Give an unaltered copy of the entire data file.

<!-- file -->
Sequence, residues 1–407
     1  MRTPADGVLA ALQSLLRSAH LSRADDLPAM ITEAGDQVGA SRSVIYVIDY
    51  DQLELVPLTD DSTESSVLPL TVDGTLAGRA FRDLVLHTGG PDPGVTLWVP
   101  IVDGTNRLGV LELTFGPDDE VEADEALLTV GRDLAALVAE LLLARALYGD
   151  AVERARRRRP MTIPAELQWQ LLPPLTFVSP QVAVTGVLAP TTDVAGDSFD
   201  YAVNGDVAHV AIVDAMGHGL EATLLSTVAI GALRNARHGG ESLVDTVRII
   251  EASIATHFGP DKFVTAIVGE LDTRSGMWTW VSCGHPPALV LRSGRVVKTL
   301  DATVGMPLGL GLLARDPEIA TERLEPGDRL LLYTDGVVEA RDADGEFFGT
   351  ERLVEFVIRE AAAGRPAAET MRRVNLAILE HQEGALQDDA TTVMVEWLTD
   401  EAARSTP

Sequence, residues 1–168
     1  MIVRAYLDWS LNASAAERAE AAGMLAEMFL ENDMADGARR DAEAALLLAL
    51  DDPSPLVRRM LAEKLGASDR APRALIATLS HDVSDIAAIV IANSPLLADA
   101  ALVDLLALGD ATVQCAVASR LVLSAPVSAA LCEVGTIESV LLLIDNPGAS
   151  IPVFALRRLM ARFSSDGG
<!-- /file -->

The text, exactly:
Sequence, residues 1–407
     1  MRTPADGVLA ALQSLLRSAH LSRADDLPAM ITEAGDQVGA SRSVIYVIDY
    51  DQLELVPLTD DSTESSVLPL TVDGTLAGRA FRDLVLHTGG PDPGVTLWVP
   101  IVDGTNRLGV LELTFGPDDE VEADEALLTV GRDLAALVAE LLLARALYGD
   151  AVERARRRRP MTIPAELQWQ LLPPLTFVSP QVAVTGVLAP TTDVAGDSFD
   201  YAVNGDVAHV AIVDAMGHGL EATLLSTVAI GALRNARHGG ESLVDTVRII
   251  EASIATHFGP DKFVTAIVGE LDTRSGMWTW VSCGHPPALV LRSGRVVKTL
   301  DATVGMPLGL GLLARDPEIA TERLEPGDRL LLYTDGVVEA RDADGEFFGT
   351  ERLVEFVIRE AAAGRPAAET MRRVNLAILE HQEGALQDDA TTVMVEWLTD
   401  EAARSTP

Sequence, residues 1–168
     1  MIVRAYLDWS LNASAAERAE AAGMLAEMFL ENDMADGARR DAEAALLLAL
    51  DDPSPLVRRM LAEKLGASDR APRALIATLS HDVSDIAAIV IANSPLLADA
   101  ALVDLLALGD ATVQCAVASR LVLSAPVSAA LCEVGTIESV LLLIDNPGAS
   151  IPVFALRRLM ARFSSDGG